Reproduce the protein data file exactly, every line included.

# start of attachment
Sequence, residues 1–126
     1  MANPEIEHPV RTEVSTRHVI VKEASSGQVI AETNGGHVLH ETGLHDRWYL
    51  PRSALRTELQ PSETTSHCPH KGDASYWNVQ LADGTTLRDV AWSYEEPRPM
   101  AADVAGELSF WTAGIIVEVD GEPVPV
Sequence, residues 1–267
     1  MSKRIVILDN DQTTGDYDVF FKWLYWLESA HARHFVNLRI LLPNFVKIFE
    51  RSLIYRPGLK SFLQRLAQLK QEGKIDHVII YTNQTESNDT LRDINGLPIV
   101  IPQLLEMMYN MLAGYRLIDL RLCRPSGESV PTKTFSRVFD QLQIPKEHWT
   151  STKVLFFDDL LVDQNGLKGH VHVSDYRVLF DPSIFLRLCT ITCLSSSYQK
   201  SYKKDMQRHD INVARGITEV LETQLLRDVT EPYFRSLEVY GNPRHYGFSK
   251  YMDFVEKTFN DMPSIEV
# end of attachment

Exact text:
Sequence, residues 1–126
     1  MANPEIEHPV RTEVSTRHVI VKEASSGQVI AETNGGHVLH ETGLHDRWYL
    51  PRSALRTELQ PSETTSHCPH KGDASYWNVQ LADGTTLRDV AWSYEEPRPM
   101  AADVAGELSF WTAGIIVEVD GEPVPV
Sequence, residues 1–267
     1  MSKRIVILDN DQTTGDYDVF FKWLYWLESA HARHFVNLRI LLPNFVKIFE
    51  RSLIYRPGLK SFLQRLAQLK QEGKIDHVII YTNQTESNDT LRDINGLPIV
   101  IPQLLEMMYN MLAGYRLIDL RLCRPSGESV PTKTFSRVFD QLQIPKEHWT
   151  STKVLFFDDL LVDQNGLKGH VHVSDYRVLF DPSIFLRLCT ITCLSSSYQK
   201  SYKKDMQRHD INVARGITEV LETQLLRDVT EPYFRSLEVY GNPRHYGFSK
   251  YMDFVEKTFN DMPSIEV